After a month of being cooped up inside the four walls of a gloomy Northern Oregon jail, I walked out into a warm spring day. It felt great to be out. I could smell the fresh spring air and it was wonderful to feel the warm sun. I had a new appreciation for the beauty of the outdoors. I felt like a brand new creature taking his first steps in a whole new world and I was happy in the Lord.
During the 30-day jail stay, one thing that really helped me was taking one day at a time. I kept praying, "Lord, please help me not to sell out. Please help me love my enemies."
Two weeks later, I was again staring at the walls of a jail - this time in Southern Oregon. After four days, I was released. I left the jail and walked across the bridge that spans the Rogue River. "I am crossing the Jordan, headed for the promised land," I said to myself.
After a few weeks of freedom, the same deputy arrested me again. This time he put the handcuffs on extra tight. I was put in a solitary "observation cell," where a video camera was pointed at me 24 hours a day.
I did not really have a jail plan. I halfheartedly decided to fast. After about five days, I started picking at the food, and that brought my taste buds back to life. It is much easier not to eat at all than to nibble at a morsel here and a morsel there. I was in no man's land for a "doubled minded man is unstable in all his ways," and I was "halting between two opinions."
Finally, I decided to eat the 10:00 p.m. snack, in its entirety. It was a very sweet pudding and I became ill. I hit my knees and asked for God's mercy and strength.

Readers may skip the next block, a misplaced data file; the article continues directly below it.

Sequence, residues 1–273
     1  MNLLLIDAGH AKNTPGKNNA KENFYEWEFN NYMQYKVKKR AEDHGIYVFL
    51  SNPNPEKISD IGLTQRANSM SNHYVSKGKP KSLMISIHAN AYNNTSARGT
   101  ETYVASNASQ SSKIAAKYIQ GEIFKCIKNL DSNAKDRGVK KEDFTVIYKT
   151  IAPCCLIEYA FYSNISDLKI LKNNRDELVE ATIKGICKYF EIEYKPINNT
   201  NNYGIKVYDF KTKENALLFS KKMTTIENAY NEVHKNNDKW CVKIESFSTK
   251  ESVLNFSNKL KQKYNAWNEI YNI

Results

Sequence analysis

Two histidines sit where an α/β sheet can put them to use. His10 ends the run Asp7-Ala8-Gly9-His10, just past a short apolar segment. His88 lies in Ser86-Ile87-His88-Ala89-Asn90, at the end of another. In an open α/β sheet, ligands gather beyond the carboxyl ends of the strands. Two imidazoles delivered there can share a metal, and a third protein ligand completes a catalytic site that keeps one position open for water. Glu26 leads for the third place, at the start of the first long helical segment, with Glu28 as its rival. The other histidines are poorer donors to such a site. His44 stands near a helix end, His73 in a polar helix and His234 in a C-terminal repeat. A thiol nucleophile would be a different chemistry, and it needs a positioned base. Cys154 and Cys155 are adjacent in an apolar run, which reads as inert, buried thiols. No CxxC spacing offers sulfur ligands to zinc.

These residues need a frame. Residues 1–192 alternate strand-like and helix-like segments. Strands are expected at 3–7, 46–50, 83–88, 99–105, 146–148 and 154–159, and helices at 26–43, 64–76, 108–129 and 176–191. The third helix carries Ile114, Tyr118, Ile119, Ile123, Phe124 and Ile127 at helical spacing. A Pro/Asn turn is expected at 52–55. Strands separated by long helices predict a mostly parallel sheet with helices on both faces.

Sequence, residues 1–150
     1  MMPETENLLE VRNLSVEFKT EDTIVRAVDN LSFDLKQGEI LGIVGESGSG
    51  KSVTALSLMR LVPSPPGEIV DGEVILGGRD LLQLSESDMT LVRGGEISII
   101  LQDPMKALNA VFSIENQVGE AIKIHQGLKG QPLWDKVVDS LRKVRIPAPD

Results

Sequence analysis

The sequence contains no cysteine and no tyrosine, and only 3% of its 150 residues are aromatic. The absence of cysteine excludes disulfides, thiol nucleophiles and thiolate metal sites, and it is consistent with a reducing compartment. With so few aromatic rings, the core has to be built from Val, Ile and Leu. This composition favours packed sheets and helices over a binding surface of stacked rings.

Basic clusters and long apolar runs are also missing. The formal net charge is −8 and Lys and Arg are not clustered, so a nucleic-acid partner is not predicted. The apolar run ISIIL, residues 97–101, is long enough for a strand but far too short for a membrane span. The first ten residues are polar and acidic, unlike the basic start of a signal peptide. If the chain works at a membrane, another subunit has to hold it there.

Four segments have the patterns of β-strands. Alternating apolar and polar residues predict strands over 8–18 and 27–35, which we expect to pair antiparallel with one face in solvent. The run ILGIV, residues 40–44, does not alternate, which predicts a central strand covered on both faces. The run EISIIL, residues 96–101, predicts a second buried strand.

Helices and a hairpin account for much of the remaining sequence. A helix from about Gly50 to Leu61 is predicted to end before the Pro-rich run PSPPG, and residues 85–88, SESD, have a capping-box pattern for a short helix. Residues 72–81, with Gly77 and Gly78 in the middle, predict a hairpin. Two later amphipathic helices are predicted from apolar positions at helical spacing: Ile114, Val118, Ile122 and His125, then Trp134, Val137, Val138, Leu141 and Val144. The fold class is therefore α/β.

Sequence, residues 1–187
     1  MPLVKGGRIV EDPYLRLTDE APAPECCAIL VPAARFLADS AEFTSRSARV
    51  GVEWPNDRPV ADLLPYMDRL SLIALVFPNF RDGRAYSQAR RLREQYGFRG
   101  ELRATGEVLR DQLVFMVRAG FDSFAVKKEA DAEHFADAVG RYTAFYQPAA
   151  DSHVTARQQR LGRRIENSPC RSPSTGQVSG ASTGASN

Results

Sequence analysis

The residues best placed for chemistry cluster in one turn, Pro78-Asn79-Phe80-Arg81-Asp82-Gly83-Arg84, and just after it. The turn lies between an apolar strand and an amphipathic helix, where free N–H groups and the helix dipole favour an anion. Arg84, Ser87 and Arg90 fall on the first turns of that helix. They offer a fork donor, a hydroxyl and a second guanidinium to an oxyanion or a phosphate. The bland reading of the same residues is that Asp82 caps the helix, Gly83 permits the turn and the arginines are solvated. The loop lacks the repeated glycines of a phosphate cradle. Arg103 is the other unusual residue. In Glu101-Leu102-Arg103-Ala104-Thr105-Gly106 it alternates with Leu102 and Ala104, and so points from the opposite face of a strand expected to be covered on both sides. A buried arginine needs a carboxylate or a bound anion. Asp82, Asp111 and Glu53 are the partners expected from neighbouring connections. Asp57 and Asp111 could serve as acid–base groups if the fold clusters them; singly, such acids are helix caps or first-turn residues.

The jailers saw that I was floundering because I had eaten the pudding. The next day a pretty little guard walked up to my cell and looked sweetly at me with her soft brown eyes. "You don't look like the kind of guy that belongs here. I can tell you are having a miserable time. Why don't you just sign this and you can go home? This is no place for you."
I was so traumatized by all the days in jail that her offer looked good. I was right on the brink of signing when all of a sudden my spirit revived and that still small voice started shouting at me, "Don't sign, you'll lose your soul!" That was a close one.
A few hours later the jail sergeant called me into his office. He told me what a fine chap I was and said that surely I could keep my "religious beliefs" and still sign the release paper. I said, "No, I cannot sign."
When I returned to my cell, I started crying. "Oh Lord, is this all I have to look forward to for the rest of my life? jail, jail, jail?" I had been jailed three times in the last few months. The back-to-back jail stays were really getting me down, but somehow I managed not to sign out. Everything in me wanted to quit the race. The reality of the battle was sinking in and I really needed to cry out to God for strength. +++